Freedom Town Forest, Carroll County, New Hampshire

About Freedom Town Forest

In the early 2000s, this 2,661-acre tract in east-central New Hampshire was slated to become a luxury vacation home development. When the developer ran into financial trouble, the Town of Freedom bought the property using public and private funds. Today the land is protected under an easement that permits forest and wildlife management, and recreational activities such as hunting, fishing, hiking, and winter sports.

Freedom Town Forest is in the Ossipee Pine Barrens, a rare natural community where pitch pine, scrub oak, and other plants grow in soil that is sandy, gravelly, and frequently acidic. Other tree species include beech, maples, birches, aspen, red oak, white oak, and white pine. The tract supports moose, deer, bear, ruffed grouse, wild turkeys, and many other birds, including nighthawks, whippoorwills, Eastern towhees, and other species that favor young forest growing on dry sites. In Freedom Town Forest, woodcock feed in areas of deeper soil, such as mixed hardwood stands near active beaver flowages, and find roosting cover in areas where vegetation is sparse.

Improving the Land for Woodcock

Stands of gray birch and other hardwoods provide feeding habitat for woodcock on Freedom Town Forest

Stands of gray birch and other hardwoods provide feeding habitat for woodcock on Freedom Town Forest.

Freedom Town Forest is organized into three forest management compartments; the goal is to keep one of the three compartments in at least 20 to 25 percent young forest in the future.

Recently, WMI biologists worked with B.H. Keith Associates, a forestry and environmental studies consulting firm that manages the property, to designate five existing log landings as woodcock singing grounds. Workers used a tracked vehicle with a brontosaurus cutting head to expand the landings, which were limed, fertilized, seeded, and mulched to transform them into permanent wildlife openings.

Up to five new log landings will be created in the next several years.

B.H. Keith managed a series of commercial clearcuts in aspen areas, yielding pulpwood, sawlogs, and wood chips that were sent to a local biomass electricity-generating plant.

Logging operations created nine patch cuts of 3 to 5 acres apiece. Woodcock use the young forest regrowing on cuts at lower elevations, where the soil is damp enough to provide invertebrate food; grouse, deer, and turkeys use the higher, drier sites.

Woodcock roost in sparse vegetation near an abandoned airstrip on Freedom Town Forest

Woodcock roost in sparse vegetation near an abandoned airstrip on the demonstration area.

Woodcock can roost on a 6,500-foot-long abandoned gravel-and-sand airstrip that the developer cut into the forest. On the airstrip, lowbush blueberry and other shrubs create a mosaic of patchy cover where woodcock can spend the night protected from both aerial and land predators. Future management activities, including brontosaurus work, will help to maintain this important roosting habitat.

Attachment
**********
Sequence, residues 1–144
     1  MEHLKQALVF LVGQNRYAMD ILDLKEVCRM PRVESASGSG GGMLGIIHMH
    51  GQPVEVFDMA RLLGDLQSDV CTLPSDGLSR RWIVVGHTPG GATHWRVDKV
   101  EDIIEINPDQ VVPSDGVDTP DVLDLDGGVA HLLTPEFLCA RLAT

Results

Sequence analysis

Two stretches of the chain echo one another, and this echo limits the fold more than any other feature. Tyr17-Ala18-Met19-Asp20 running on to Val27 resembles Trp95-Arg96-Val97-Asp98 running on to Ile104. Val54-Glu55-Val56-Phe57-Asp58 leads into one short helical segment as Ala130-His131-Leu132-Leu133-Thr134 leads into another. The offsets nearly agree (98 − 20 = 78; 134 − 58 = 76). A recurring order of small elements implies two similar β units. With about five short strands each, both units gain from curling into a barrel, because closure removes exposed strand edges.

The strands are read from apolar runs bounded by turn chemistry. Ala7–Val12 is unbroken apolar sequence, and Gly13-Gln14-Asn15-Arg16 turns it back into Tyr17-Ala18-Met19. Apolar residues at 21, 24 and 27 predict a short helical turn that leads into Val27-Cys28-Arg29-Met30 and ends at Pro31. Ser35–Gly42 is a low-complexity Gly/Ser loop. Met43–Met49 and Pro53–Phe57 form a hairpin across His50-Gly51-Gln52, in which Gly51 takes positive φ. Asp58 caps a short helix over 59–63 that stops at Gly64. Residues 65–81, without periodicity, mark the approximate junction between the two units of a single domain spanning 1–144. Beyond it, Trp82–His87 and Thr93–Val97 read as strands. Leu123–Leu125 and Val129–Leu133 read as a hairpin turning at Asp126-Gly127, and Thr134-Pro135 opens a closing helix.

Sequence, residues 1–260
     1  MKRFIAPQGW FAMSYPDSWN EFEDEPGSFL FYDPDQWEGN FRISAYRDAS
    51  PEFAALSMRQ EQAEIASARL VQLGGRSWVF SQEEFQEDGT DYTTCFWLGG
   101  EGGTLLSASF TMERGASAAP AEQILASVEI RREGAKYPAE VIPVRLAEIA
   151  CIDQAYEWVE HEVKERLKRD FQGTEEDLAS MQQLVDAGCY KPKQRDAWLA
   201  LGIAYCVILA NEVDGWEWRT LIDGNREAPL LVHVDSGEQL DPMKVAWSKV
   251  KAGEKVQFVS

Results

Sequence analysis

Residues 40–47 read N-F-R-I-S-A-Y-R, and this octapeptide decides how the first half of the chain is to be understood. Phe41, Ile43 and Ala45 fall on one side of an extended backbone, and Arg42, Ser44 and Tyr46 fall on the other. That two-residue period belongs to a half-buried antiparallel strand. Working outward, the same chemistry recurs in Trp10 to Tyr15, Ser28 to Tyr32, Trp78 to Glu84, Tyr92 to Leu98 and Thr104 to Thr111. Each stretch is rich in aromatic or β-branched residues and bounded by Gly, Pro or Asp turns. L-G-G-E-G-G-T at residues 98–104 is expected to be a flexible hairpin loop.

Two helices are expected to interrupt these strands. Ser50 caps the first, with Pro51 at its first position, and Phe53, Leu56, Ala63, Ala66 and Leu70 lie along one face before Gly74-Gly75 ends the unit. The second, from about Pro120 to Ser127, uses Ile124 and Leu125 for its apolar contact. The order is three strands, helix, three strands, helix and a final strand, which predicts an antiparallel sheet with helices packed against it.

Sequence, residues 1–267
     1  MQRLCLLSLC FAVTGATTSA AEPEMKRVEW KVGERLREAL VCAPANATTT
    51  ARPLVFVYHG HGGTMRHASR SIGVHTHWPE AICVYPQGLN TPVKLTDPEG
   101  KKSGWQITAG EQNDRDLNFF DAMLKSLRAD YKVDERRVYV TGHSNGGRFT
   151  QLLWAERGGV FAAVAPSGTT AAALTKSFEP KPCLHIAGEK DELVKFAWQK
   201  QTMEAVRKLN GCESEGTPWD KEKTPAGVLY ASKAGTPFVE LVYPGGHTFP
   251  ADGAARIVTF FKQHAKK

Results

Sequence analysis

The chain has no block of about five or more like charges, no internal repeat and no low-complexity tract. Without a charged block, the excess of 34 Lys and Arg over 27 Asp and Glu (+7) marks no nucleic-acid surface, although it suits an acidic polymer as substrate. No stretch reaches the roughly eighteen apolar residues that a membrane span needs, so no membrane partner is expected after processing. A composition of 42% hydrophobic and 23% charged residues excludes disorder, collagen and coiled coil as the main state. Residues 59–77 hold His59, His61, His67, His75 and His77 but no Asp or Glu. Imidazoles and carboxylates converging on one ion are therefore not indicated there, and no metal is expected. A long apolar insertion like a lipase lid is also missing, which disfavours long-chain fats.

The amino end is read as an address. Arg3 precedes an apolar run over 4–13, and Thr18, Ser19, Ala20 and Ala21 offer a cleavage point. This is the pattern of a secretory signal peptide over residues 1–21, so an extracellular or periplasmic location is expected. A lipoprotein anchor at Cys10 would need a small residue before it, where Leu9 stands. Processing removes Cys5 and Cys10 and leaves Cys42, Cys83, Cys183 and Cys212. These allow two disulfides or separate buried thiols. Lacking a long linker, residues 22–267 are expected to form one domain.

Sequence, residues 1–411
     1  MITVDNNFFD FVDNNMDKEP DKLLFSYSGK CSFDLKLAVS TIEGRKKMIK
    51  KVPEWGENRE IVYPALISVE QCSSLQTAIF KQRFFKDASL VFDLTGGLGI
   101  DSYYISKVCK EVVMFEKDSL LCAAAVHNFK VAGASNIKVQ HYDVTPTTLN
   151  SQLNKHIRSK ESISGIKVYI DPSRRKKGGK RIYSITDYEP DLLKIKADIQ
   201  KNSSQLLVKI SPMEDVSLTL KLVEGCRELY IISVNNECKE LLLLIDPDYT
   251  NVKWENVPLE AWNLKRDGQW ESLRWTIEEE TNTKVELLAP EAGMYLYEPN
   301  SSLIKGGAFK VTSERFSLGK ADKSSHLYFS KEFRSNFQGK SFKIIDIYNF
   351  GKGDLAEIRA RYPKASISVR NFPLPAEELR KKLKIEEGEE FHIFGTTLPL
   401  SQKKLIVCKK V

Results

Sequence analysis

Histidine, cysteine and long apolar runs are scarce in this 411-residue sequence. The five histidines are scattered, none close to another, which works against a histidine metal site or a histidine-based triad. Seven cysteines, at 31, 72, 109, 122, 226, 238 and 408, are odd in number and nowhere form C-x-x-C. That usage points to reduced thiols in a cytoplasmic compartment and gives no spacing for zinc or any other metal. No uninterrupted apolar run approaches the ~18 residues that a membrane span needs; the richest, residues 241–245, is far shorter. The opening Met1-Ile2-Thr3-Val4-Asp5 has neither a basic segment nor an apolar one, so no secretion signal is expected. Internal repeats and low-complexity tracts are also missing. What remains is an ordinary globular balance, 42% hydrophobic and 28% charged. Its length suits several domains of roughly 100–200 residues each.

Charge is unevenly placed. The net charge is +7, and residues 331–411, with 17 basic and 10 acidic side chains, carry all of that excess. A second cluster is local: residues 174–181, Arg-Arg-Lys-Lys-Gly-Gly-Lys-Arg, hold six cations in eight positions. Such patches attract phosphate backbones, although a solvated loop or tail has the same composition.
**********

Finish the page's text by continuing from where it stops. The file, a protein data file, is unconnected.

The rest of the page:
Cold Brook adjoins the airstrip area. On both sides of the brook, soils are deeper, moister, and more productive of earthworms, an important food for woodcock. Managers will use logging to create more young forest here to provide nesting and feeding habitat for woodcock. The Cold Brook drainage has many acres of aspen and gray birch that are reaching maturity and can be harvested commercially.

Other Factors

As well as helping woodcock, creating young forest on Freedom Town Forest provides habitat for Eastern towhees, common nighthawks, whippoorwills, mourning and chestnut-sided warblers, and numerous other wild species. In the future, managers may use prescribed burns to regenerate the ecologically important pitch pine and scrub oak stands, which, in the absence of fire, might be succeeded and replaced by hardwoods. Controlled burns can also regenerate young forest that includes other tree species.

Funding and Partners

Town of Freedom, Natural Resources Conservation Service, New Hampshire Fish and Game, Ruffed Grouse Society, U.S. Fish and Wildlife Service, U.S. Geological Survey, National Fish and Wildlife Foundation, Northeast Association of Fish and Wildlife Agencies, Wildlife Management Institute.

How to Visit

Freedom Town Forest is west of Freedom, N.H., and east of Ossipee Lake. Visitors can hike, bicycle, snowshoe, or ski on an extensive trail system. Three kiosks and parking areas lie on the southern and eastern sides of the property; visitors can pick up free brochures, including trail maps, at the kiosks. From the westernmost kiosk/parking area, on the north side of Ossipee Lake Road, visitors can easily follow the Old Pequawket Trail to the abandoned airstrip and the Cold Brook drainage.

For more information, or to arrange a tour of the area, contact Barry H. Keith, B.H. Keith Associates, P.O. Box 326, Freedom NH 03836, phone 603-539-8343, email